The world city network in Europe between 1250 and 1640 : from Christaller to Braudel
Department of Geography, Loughborough University (UK)
Last modified: May 16, 2007
Presentation date: 06/12/2007 4:30 PM in ISCTE-II C103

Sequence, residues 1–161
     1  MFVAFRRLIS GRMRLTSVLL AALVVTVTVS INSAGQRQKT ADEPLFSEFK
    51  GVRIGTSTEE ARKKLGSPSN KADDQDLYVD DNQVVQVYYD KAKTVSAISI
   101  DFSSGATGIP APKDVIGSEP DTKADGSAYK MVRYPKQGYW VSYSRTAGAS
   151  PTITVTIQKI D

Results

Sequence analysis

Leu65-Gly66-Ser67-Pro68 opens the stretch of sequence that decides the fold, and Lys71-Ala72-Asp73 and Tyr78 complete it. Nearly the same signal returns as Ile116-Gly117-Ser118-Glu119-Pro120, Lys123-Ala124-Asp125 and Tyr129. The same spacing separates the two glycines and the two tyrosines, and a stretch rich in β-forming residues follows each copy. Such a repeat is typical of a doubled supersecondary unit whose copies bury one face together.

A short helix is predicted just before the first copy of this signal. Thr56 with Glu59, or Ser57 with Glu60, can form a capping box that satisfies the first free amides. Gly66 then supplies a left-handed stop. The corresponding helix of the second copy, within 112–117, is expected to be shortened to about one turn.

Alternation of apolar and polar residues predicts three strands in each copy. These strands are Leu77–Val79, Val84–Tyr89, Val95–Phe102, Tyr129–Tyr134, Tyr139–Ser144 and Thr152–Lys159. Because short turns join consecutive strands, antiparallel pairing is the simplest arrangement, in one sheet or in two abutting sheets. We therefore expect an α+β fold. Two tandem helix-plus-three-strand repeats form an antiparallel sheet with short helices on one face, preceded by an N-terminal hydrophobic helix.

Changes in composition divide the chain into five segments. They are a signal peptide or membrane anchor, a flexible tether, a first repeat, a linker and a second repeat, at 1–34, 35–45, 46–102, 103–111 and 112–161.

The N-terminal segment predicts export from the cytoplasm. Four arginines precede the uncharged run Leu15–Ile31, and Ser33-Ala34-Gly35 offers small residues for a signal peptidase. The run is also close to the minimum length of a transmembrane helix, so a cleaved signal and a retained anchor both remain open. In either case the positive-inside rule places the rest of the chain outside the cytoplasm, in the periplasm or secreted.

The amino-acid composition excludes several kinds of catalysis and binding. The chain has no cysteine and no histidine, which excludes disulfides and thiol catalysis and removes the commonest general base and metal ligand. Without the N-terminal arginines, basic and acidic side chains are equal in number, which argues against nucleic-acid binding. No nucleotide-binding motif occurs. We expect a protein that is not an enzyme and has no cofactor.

Contemporary globalisation strengthens the impact of cities on the world economy at the expense of states. In this respect, contemporary society evolves towards a relation between cities and states which resembles the situation in late medieval and early modern Europe. In this period, state structures were still weak or even non-existent, and cities were not yet contained within the framework of the territorial state. Similar to present-day society, a dynamic world city network existed which was composed of mutual flows between cities. In their research on city networks, geographers have commonly referred to central place theory and the same is true for historians. In this paper, the theory of Christaller and its application by historians of the Low Countries is critically examined. It is argued that central place theory is not very useful for the study of world city networks. In an attempt to find some new concepts that might be helpful for a historical study of the world city network, Braudel’s Civilization and capitalism is used as a source of inspiration. His study of large spaces and the longue durée is a good starting point for an alternative representation of the world-system as a system of flows between cities, instead of a system of places composed of territorial states. Braudel’s concept of world-cities allows as well to develop a geohistorical social science which diverges from the traditional state-centred social sciences.